Powdered pyroelectric crystals that catalyse the formation of reactive oxygen species could be harnessed to kill bacteria

Crystals of lithium niobate and lithium tantalate powdered and formulated as nanoparticles can act as a disinfectant, killing bacteria at only moderate temperatures, according to researchers in Germany. The crystal powders, which convert warmth into electrical energy and then chemical energy via the pyroelectric effect, could one day be used to disinfect air or water using just heat from the powder’s surroundings. 

Recent years have seen a rising demand for simple and cheap disinfection methods, partly to address world health problems and partly to put less strain on the environment. One new method is to use high, pulsed electric fields to kill microorganisms. Another relies on oxygen-based semiconductors, such as titanium dioxide, which form reactive, bacteria-killing oxygen species on exposure to light. Such semiconductors have already been applied to specialist windows, which can then self-clean in the daytime. 


The pyroelectric crystals produce radicals that destroy bacteria

Powders of lithium niobate (LiNbO3) and lithium tantalate (LiTaO3) may be another technology to add to this list. LiNbO3 and LiTaO3 are pyroelectric crystals, which means they convert heat from their surroundings into a surface charge. Unlike many pyroelectric crystals, however, LiNbO3 and LiTaO3 are widely available, non-toxic and insoluble in water - properties that make them attractive for disinfection applications.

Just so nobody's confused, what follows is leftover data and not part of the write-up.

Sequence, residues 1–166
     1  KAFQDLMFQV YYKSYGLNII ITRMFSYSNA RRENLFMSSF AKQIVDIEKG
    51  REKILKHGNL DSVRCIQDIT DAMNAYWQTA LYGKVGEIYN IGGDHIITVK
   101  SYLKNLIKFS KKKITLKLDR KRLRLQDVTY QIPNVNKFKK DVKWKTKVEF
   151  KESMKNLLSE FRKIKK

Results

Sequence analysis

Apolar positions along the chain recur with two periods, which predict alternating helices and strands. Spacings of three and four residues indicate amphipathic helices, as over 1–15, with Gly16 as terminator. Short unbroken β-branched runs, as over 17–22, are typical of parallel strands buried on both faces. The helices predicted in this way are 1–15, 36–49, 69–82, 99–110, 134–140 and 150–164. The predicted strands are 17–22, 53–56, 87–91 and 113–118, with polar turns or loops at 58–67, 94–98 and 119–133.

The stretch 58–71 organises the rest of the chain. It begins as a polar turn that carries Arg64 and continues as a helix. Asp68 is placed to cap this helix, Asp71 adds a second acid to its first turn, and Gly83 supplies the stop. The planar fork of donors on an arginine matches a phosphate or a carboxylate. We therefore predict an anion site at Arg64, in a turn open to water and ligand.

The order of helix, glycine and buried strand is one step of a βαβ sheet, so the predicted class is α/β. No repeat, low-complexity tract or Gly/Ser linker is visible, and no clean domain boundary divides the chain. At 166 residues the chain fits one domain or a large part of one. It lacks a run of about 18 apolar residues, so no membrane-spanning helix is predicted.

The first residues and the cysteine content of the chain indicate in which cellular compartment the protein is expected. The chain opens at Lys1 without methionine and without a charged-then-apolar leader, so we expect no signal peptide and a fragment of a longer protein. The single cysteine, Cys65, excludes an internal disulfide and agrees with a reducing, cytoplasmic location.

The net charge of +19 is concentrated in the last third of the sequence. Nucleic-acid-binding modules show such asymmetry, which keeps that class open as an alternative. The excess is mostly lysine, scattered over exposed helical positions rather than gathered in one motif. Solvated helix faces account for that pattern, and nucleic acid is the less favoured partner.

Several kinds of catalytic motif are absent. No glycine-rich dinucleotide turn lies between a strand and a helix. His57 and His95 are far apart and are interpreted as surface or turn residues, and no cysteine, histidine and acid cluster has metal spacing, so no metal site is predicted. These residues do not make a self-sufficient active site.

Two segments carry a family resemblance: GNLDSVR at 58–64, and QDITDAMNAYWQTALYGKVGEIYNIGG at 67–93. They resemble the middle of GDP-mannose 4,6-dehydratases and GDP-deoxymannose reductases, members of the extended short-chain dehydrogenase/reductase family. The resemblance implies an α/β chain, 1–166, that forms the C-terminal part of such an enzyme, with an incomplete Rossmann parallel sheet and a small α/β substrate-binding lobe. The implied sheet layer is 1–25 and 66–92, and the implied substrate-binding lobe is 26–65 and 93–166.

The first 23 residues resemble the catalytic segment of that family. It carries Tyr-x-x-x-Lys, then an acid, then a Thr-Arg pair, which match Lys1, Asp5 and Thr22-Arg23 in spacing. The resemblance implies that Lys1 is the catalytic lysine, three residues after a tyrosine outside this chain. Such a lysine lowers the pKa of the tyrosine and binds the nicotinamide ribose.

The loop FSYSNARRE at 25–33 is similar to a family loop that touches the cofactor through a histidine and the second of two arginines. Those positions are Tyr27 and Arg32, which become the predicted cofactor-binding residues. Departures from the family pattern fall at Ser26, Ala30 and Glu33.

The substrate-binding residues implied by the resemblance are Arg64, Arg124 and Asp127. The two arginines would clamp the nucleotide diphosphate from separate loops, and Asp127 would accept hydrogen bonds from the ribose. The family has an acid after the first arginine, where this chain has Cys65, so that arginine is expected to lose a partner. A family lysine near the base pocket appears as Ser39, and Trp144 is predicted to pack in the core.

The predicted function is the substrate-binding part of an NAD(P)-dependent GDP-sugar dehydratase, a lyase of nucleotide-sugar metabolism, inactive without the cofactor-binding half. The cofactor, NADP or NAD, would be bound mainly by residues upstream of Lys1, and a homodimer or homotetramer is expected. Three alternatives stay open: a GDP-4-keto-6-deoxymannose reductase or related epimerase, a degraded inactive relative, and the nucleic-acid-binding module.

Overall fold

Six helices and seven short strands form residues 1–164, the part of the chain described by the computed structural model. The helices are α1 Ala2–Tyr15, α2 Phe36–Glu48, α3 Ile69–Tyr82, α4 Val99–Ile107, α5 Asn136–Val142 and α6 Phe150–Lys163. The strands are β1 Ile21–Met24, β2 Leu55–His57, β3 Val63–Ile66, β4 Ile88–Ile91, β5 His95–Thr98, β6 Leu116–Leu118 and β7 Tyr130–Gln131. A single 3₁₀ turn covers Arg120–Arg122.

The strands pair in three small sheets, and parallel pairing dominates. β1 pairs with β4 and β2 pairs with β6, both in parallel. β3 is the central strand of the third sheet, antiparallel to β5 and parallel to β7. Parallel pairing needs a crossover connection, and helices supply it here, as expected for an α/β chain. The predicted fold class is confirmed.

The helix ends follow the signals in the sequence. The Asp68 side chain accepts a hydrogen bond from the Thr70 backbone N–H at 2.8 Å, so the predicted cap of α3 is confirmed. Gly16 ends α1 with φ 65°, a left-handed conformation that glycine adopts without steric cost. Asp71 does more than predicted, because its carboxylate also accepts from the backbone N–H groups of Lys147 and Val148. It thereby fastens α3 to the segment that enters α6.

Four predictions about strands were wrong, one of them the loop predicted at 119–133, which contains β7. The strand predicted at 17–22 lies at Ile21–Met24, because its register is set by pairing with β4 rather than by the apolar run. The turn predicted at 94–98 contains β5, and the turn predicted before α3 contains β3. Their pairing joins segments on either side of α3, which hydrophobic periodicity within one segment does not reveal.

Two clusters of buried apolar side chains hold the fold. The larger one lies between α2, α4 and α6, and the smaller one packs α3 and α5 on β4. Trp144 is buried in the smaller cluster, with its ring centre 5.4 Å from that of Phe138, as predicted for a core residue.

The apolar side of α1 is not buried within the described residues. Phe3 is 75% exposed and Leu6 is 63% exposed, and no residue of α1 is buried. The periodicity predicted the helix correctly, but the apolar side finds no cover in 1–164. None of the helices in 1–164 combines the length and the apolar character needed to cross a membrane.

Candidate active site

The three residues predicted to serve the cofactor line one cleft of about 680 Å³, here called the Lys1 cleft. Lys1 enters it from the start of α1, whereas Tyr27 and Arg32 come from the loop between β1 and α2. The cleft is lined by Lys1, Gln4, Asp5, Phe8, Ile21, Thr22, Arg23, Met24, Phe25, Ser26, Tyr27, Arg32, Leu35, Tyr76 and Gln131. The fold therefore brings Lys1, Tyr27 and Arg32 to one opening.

Emanuel Gutmann of the Freiberg University of Mining and Technology in Germany and colleagues ground crystals of LiNbO3 and LiTaO3 into sub micrometre-sized particles, and then mixed them with the bacterium Escherichia coli in aqueous solution. The researchers subjected the mixtures to heating cycles, which would alternate temperatures between 20 and 45?C - optimal temperatures for E. coli growth - over six hours. They discovered that - for particles less than 5?m in diameter, and after at least one hour of the heating cycle - the LiNbO3 powder could kill at least 80% of E. coli, whereas the LiTaO3 could kill 95%. 

Gutmann’s group believes that the disinfection is a catalytic effect triggered by the pyroelectric surface charge, which causes reactive oxygen species to accumulate. Such species oxidise, and thus kill the E. coli bacteria. ’The investigation of powders is, in our opinion, just a first step towards a future application,’ says Gutmann. ’It is now necessary to develop macroscopic filters, membranes or surfaces, [in which] pyroelectric crystals are effectively immobilised but still bear a high specific surface area to sustain maximum contact with a liquid or gaseous media to disinfect.’ 

’This is a very interesting discovery,’ says Zhaorong Huang, a physicist at Cranfield University in the UK whose research centres on pyroelectric crystals. ’This pyroelectrocatalytic effect could potentially open a floodgate for novel applications for the pyroelectric effect.’